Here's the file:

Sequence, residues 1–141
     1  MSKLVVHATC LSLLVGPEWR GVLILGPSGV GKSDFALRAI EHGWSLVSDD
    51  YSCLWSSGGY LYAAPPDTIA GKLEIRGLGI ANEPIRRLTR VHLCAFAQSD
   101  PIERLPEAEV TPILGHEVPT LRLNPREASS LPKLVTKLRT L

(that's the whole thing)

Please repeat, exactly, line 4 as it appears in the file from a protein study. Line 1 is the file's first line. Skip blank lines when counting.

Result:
   101  PIERLPEAEV TPILGHEVPT LRLNPREASS LPKLVTKLRT L